Interview: Massimiliano Nigro and Fragments of the Past

Today for Wyrd & Wonder, I’m so excited to have Italian artist and author Massimiliano Nigro talk a bit about his world building project that I reviewed on Monday, Fragments of the Past. (Available here.)

Hi Massimiliano! Please introduce yourself.
My name is Massimiliano Haematinon Nigro (too long, I know…). Before becoming an Artist, I tried to be many different things: I studied Architecture, Philosophy, Finance. I changed my path many times before understanding who I wanted to be. Frustration and pain helped me remember what was my dream as a kid: to write. I also realized that I could use both pictures and letters, two different languages that can complement each other. It was like discovering something that I already knew.

Even though it’s just 76 pages, Fragments of the Past contains so much rich history. Askedoria is a fully realized world. How did you start building it, and how did you end up with such a big creation?
The key is to write about something that you love, and love is the source of your Knowledge! When you write or paint, people can see what you are doing and what you are NOT doing: your specific choices are echoes of all the things you love and know. For all my life, I have been reading ancient historians, travelers, poets and philosophers, and I use this information as a base. I started Fragments of the Past from small little things: a particular ritual, a certain metaphysical belief, artistic conventions of a specific island.

The Passage of the ‘Hermeta’ through the Crimson Strait

Where do you get the inspiration for your art and style, and what is your creative process?
I get inspiration from archaeology, myths and religion. My creative process is simple at the beginning and a mess at the end. I study and read until a specific theme, visual idea or story naturally emerge from my mind. At this point, I sketch different drawings using pencil, pen or gouache, to try out what I have envisioned. The following steps depend on what I want to convey. Sometimes I build the scene in 3d using Blender, or I paint directly in Procreate or Paintstorm, or I mix all these tools. Occasionally I use pictures of my city, Rome, as a base for a particular architecture or landscape and I paint on top of them.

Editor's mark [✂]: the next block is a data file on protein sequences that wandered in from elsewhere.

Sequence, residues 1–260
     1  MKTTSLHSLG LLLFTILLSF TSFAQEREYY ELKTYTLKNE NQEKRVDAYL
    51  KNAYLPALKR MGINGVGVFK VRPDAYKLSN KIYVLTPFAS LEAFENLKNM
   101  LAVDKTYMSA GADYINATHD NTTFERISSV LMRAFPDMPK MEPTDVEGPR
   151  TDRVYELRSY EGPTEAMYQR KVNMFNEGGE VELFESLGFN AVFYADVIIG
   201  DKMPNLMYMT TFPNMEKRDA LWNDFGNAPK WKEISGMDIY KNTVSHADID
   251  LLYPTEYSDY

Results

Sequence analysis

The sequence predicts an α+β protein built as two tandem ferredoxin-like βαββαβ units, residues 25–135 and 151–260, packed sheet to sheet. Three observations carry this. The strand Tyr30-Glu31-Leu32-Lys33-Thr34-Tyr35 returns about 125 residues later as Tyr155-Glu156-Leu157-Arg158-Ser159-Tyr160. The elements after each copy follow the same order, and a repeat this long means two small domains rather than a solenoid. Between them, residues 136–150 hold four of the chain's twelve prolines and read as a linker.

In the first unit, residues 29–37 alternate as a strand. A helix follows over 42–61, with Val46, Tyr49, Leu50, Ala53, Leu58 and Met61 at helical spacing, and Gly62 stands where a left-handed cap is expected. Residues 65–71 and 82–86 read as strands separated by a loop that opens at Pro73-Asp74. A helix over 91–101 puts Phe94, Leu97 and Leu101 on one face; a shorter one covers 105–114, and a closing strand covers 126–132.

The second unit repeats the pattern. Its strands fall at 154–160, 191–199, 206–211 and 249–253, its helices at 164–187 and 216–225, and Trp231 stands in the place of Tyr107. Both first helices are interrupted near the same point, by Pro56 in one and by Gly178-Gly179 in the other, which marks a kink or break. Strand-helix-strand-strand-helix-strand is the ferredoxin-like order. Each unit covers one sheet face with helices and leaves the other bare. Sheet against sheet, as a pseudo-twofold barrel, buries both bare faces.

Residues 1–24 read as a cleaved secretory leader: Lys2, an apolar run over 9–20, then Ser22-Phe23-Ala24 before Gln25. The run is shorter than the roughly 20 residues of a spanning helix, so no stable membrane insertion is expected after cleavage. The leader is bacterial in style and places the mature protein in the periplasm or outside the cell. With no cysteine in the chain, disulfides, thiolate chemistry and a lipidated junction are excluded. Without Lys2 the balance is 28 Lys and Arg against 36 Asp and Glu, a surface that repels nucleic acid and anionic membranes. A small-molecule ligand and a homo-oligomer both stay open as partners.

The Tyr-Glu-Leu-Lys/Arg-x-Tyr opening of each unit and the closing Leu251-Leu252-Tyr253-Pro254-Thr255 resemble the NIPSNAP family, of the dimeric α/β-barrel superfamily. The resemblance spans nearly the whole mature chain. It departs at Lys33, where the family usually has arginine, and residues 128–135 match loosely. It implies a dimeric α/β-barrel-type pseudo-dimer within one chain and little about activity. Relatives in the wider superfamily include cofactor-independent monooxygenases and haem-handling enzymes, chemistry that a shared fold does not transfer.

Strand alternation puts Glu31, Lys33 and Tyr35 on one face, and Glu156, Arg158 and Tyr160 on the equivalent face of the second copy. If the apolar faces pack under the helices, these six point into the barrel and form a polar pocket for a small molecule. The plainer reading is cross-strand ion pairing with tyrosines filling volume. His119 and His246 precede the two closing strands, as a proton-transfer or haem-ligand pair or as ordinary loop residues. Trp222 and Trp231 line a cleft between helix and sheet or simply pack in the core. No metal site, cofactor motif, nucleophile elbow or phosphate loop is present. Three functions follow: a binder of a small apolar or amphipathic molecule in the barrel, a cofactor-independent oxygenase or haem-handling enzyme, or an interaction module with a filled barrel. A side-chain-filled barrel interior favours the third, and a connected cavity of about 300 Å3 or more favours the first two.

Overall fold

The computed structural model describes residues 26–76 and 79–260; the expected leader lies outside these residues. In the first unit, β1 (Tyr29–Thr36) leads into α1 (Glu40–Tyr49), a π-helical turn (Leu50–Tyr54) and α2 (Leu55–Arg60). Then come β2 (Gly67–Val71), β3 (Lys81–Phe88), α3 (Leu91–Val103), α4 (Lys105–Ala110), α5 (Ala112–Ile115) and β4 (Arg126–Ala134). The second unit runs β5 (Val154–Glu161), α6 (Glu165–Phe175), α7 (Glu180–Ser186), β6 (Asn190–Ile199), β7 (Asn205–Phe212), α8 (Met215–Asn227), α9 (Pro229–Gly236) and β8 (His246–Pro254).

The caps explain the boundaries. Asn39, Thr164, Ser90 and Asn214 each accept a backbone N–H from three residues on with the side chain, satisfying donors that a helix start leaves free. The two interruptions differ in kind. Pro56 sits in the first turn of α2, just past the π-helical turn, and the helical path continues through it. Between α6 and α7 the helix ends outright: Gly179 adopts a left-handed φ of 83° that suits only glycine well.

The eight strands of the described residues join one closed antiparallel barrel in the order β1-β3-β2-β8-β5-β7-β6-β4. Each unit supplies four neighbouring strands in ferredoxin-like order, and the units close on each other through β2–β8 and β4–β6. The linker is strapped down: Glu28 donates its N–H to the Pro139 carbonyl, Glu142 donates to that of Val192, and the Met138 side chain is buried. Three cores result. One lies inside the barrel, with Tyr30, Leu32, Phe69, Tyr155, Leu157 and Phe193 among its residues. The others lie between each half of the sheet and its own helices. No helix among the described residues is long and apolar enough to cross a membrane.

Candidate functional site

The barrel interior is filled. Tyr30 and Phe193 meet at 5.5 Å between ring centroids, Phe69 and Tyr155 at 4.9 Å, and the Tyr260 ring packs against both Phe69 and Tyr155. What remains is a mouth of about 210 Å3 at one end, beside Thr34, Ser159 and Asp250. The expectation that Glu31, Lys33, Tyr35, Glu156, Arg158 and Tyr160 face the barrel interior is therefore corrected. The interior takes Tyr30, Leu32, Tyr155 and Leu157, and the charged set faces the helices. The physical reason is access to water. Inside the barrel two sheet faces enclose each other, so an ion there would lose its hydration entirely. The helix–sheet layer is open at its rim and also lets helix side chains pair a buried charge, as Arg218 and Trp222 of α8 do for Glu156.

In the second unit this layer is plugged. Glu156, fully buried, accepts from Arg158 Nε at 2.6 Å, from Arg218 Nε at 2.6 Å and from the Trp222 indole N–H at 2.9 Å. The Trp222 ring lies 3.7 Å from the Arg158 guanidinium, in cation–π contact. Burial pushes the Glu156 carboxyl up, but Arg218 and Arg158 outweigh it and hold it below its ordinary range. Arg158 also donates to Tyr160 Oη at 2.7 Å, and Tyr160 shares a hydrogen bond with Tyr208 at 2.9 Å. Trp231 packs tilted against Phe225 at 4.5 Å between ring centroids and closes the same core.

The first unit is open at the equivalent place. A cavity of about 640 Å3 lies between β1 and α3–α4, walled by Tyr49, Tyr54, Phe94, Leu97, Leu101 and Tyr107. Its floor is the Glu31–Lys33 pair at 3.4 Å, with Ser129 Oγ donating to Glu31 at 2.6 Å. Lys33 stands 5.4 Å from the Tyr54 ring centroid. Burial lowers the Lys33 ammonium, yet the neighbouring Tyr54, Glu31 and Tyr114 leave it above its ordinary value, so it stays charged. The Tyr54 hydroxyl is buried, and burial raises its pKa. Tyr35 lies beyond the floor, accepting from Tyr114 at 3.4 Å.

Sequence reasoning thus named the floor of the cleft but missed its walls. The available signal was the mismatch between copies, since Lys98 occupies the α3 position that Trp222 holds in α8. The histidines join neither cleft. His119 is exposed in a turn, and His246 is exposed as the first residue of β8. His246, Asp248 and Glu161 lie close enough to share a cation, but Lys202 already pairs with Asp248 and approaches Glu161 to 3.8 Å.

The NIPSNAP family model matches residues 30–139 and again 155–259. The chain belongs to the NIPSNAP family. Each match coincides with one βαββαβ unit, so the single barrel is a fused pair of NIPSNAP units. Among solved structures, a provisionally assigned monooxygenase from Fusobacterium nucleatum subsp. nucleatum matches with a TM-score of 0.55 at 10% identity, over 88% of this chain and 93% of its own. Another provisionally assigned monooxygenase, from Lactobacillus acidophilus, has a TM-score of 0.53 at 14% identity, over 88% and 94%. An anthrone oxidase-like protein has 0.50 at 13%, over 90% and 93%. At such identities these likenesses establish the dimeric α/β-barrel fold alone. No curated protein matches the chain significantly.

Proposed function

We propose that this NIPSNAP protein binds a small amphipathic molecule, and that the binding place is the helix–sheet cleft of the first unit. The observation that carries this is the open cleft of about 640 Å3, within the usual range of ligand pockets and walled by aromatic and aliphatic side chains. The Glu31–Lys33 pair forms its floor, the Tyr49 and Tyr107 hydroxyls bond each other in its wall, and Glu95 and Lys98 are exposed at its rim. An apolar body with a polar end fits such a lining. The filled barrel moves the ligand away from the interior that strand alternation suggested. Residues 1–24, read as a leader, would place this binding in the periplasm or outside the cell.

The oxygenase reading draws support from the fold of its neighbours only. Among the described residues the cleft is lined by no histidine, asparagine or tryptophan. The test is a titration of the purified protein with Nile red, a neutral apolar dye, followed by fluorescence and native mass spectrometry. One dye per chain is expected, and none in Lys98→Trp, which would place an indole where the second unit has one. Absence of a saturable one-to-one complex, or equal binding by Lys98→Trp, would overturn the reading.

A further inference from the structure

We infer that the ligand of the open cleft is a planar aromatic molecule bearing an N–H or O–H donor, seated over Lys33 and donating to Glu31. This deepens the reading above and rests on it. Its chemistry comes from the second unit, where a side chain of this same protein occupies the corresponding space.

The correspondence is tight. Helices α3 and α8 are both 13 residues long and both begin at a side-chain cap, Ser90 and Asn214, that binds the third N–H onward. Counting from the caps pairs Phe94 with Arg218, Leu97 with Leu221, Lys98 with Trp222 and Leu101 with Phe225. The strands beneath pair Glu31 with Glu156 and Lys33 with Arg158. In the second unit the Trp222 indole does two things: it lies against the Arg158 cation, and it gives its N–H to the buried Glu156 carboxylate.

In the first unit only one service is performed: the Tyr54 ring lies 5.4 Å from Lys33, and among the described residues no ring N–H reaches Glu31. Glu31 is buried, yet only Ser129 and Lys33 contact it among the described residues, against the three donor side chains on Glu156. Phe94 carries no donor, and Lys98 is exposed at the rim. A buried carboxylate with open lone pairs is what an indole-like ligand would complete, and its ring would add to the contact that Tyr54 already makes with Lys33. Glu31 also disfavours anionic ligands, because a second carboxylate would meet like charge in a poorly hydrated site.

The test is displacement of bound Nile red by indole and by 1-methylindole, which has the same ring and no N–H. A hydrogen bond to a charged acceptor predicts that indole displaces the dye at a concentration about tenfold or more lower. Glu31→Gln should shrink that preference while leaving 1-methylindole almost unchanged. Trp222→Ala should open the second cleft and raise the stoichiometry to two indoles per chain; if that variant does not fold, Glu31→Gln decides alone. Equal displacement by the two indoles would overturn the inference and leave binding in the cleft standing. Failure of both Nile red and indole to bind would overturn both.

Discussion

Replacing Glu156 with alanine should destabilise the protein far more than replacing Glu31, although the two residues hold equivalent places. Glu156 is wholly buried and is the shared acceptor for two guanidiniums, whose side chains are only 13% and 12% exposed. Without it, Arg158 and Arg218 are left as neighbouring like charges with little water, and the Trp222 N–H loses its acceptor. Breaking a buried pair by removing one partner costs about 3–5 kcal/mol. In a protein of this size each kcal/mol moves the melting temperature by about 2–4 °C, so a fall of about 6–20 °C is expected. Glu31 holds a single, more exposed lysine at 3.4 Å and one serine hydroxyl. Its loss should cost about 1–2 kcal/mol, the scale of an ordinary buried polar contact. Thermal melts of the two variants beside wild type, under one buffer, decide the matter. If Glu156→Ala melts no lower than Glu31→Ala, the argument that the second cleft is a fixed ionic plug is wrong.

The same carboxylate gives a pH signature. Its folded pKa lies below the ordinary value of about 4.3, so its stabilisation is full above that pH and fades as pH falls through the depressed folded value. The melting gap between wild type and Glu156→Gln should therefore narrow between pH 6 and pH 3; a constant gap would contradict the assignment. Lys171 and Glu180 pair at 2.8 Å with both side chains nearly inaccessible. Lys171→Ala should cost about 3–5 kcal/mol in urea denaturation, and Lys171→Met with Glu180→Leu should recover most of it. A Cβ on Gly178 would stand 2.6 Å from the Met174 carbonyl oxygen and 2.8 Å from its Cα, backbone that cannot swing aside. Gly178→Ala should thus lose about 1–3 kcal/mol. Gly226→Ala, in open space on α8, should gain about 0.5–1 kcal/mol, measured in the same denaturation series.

A secret exchange at the Four-Eyed Gate of Psantes, South of the Hermus river.

Askedoria is not your standard vanilla Tolkien/English medieval world, not just in setting, but in content. There seems to be nothing that most people would expect from an RPG or fantasy world, such as magic, monsters, other sentient races. How did you settle on a Mediterranean-based world that lacked typical fantastical elements, and what do you think Askedoria brings to the table for a roleplaying group that’s different from vanilla settings?
I want to let other people feel and experience something Ancient, it must ring true to their hearts, they must feel the touch of the Sun on their skin. I started writing with the secret aspiration of becoming the bard of my readers. Before working, I always imagine myself sitting on a marble floor, surrounded by them as if we were in a banquet. They are the warriors, the artists, the dancers of an ancient world and I chant for them about our remote, mythical roots. The words epic and mythic have changed their meaning during the centuries, I hope my work can bring the readers and players back to their original significance, bring them back to the banquet we shared in another life. In many regards, I consider Tolkien my great Master, and I am trying to do with the ancient Mediterranean world, what he did with the Anglo-Saxon tradition.

An offering to the Panther